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The role of childhood trauma in bipolar disorders

Overview of attention for article published in International Journal of Bipolar Disorders, January 2016
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About this Attention Score

  • In the top 5% of all research outputs scored by Altmetric
  • One of the highest-scoring outputs from this source (#3 of 205)
  • High Attention Score compared to outputs of the same age (98th percentile)
  • High Attention Score compared to outputs of the same age and source (96th percentile)

Mentioned by

news
8 news outlets
blogs
2 blogs
twitter
41 tweeters
facebook
4 Facebook pages
googleplus
1 Google+ user

Citations

dimensions_citation
108 Dimensions

Readers on

mendeley
269 Mendeley
citeulike
1 CiteULike
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Title
The role of childhood trauma in bipolar disorders
Published in
International Journal of Bipolar Disorders, January 2016
DOI 10.1186/s40345-015-0042-0
Pubmed ID
Authors

Monica Aas, Chantal Henry, Ole A. Andreassen, Frank Bellivier, Ingrid Melle, Bruno Etain

Abstract

This review will discuss the role of childhood trauma in bipolar disorders. Relevant studies were identified via Medline (PubMed) and PsycINFO databases published up to and including July 2015. This review contributes to a new understanding of the negative consequences of early life stress, as well as setting childhood trauma in a biological context of susceptibility and discussing novel long-term pathophysiological consequences in bipolar disorders. Childhood traumatic events are risk factors for developing bipolar disorders, in addition to a more severe clinical presentation over time (primarily an earlier age at onset and an increased risk of suicide attempt and substance misuse). Childhood trauma leads to alterations of affect regulation, impulse control, and cognitive functioning that might decrease the ability to cope with later stressors. Childhood trauma interacts with several genes belonging to several different biological pathways [Hypothalamic-pituitary-adrenal (HPA) axis, serotonergic transmission, neuroplasticity, immunity, calcium signaling, and circadian rhythms] to decrease the age at the onset of the disorder or increase the risk of suicide. Epigenetic factors may also be involved in the neurobiological consequences of childhood trauma in bipolar disorder. Biological sequelae such as chronic inflammation, sleep disturbance, or telomere shortening are potential mediators of the negative effects of childhood trauma in bipolar disorders, in particular with regard to physical health. The main clinical implication is to systematically assess childhood trauma in patients with bipolar disorders, or at least in those with a severe or instable course. The challenge for the next years will be to fill the gap between clinical and fundamental research and routine practice, since recommendations for managing this specific population are lacking. In particular, little is known on which psychotherapies should be provided or which targets therapists should focus on, as well as how childhood trauma could explain the resistance to mood stabilizers.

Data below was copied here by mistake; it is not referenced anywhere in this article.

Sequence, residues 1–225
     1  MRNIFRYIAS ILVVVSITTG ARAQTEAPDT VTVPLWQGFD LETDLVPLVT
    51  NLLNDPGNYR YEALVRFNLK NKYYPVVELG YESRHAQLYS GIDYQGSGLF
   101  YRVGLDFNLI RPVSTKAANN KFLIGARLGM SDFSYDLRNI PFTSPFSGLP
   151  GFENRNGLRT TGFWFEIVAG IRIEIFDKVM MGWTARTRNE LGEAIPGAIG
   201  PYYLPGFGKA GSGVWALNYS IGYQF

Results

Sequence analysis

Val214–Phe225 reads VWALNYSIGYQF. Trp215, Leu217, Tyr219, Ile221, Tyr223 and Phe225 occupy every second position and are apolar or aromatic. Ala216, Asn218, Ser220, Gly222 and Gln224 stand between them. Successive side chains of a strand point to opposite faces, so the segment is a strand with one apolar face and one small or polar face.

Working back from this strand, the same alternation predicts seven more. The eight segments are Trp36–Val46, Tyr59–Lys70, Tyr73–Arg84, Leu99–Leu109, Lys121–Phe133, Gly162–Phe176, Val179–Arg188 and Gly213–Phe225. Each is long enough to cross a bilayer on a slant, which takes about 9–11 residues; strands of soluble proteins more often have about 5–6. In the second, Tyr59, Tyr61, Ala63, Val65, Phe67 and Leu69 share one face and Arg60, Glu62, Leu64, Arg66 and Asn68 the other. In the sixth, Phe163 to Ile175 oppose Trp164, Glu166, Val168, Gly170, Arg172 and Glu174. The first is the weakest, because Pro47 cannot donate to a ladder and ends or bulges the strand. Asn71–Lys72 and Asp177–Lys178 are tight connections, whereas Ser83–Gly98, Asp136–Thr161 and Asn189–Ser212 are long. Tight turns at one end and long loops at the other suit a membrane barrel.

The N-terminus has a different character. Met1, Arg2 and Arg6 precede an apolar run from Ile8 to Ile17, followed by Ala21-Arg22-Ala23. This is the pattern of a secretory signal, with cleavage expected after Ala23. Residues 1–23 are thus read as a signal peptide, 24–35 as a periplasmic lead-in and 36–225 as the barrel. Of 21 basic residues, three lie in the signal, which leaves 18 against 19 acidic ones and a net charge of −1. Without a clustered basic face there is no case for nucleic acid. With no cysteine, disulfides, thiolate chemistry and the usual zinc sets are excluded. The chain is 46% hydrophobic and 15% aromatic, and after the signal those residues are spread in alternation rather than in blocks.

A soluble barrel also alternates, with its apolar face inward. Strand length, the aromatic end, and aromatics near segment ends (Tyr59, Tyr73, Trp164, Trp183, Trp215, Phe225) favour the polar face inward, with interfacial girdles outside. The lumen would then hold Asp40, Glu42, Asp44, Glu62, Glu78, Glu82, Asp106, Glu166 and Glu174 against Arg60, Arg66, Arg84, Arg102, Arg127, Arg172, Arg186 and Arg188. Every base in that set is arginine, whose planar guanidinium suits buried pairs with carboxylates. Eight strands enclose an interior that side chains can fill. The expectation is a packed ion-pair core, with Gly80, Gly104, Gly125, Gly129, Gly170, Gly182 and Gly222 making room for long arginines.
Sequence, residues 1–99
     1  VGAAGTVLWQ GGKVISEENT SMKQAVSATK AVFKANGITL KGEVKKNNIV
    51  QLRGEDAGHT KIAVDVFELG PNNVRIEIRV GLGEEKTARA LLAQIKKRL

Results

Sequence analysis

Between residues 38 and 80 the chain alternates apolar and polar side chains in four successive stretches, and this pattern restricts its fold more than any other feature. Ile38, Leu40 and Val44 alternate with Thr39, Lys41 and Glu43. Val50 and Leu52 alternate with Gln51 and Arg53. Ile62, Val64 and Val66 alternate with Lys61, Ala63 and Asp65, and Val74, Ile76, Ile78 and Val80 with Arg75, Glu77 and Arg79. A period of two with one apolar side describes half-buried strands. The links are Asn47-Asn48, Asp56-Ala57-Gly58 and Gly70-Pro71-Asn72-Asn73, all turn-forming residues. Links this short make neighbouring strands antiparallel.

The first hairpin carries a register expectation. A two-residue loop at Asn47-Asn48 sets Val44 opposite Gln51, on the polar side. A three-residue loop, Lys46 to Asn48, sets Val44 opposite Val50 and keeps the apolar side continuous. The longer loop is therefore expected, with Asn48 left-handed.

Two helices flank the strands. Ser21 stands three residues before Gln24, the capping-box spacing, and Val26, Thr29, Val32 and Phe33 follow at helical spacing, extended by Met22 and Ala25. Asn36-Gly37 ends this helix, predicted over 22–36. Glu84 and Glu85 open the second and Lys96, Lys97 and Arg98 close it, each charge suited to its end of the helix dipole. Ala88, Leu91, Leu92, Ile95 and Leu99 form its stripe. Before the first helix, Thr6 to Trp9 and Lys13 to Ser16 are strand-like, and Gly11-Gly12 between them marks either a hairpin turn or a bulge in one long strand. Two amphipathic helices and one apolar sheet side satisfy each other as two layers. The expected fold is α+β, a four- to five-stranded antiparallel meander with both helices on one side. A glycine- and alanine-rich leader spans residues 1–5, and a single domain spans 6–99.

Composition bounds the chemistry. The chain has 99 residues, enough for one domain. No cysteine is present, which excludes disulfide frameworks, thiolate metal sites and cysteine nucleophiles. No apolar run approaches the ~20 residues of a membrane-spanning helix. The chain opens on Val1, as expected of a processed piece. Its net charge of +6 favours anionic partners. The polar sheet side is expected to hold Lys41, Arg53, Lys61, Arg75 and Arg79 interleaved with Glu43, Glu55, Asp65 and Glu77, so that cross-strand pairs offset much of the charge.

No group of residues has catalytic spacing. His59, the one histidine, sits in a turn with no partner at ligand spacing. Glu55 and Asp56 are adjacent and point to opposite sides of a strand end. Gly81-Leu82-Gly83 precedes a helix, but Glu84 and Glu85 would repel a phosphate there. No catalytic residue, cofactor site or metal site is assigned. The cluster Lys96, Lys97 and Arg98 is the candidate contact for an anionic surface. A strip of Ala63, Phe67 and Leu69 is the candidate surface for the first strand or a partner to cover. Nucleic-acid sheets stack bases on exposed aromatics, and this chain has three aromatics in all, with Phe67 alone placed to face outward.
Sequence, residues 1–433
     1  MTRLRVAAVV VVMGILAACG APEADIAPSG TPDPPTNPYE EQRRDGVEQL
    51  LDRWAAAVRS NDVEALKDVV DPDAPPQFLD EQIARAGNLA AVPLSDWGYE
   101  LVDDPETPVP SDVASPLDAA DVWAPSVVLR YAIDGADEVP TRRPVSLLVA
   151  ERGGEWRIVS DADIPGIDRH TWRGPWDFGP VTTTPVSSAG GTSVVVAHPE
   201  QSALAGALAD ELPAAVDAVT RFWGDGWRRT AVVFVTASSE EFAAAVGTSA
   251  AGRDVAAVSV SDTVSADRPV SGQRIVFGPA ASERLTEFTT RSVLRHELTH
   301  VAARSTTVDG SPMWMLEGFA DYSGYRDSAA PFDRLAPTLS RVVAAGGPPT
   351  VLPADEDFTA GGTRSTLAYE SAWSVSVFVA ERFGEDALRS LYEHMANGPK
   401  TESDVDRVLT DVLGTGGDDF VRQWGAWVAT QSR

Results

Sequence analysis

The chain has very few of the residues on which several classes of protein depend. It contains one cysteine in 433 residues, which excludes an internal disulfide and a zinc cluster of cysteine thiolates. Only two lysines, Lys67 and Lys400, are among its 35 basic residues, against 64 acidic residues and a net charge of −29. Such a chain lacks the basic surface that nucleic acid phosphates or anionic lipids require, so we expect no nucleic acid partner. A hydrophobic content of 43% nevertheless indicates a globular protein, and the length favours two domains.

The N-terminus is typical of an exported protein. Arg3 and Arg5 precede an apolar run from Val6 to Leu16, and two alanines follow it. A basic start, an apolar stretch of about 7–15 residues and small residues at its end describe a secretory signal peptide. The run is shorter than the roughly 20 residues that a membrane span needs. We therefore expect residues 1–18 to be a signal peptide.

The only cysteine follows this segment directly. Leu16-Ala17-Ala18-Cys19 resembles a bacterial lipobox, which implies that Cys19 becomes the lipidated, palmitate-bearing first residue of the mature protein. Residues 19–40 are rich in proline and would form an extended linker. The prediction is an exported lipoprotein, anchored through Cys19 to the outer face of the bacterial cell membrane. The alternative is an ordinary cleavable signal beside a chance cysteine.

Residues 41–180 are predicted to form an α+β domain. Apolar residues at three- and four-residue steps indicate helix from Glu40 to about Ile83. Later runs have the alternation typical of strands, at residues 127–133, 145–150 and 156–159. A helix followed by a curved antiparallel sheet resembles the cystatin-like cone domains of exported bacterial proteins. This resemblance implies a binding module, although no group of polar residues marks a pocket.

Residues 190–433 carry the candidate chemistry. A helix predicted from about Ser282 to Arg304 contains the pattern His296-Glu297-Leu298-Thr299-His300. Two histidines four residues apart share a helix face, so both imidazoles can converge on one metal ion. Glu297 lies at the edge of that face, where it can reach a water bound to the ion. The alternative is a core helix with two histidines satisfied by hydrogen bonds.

Twitter Demographics

The data shown below were collected from the profiles of 41 tweeters who shared this research output. Click here to find out more about how the information was compiled.

Mendeley readers

The data shown below were compiled from readership statistics for 269 Mendeley readers of this research output. Click here to see the associated Mendeley record.

Geographical breakdown

Country Count As %
United Kingdom 2 <1%
Mexico 1 <1%
Unknown 266 99%

Demographic breakdown

Readers by professional status Count As %
Student > Bachelor 45 17%
Student > Master 42 16%
Student > Ph. D. Student 32 12%
Researcher 29 11%
Student > Postgraduate 20 7%
Other 53 20%
Unknown 48 18%
Readers by discipline Count As %
Psychology 78 29%
Medicine and Dentistry 60 22%
Neuroscience 22 8%
Nursing and Health Professions 13 5%
Agricultural and Biological Sciences 10 4%
Other 28 10%
Unknown 58 22%

Attention Score in Context

This research output has an Altmetric Attention Score of 105. This is our high-level measure of the quality and quantity of online attention that it has received. This Attention Score, as well as the ranking and number of research outputs shown below, was calculated when the research output was last mentioned on 14 August 2020.
All research outputs
#207,371
of 16,098,223 outputs
Outputs from International Journal of Bipolar Disorders
#3
of 205 outputs
Outputs of similar age
#5,831
of 373,163 outputs
Outputs of similar age from International Journal of Bipolar Disorders
#1
of 25 outputs
Altmetric has tracked 16,098,223 research outputs across all sources so far. Compared to these this one has done particularly well and is in the 98th percentile: it's in the top 5% of all research outputs ever tracked by Altmetric.
So far Altmetric has tracked 205 research outputs from this source. They typically receive more attention than average, with a mean Attention Score of 9.0. This one has done particularly well, scoring higher than 98% of its peers.
Older research outputs will score higher simply because they've had more time to accumulate mentions. To account for age we can compare this Altmetric Attention Score to the 373,163 tracked outputs that were published within six weeks on either side of this one in any source. This one has done particularly well, scoring higher than 98% of its contemporaries.
We're also able to compare this research output to 25 others from the same source and published within six weeks on either side of this one. This one has done particularly well, scoring higher than 96% of its contemporaries.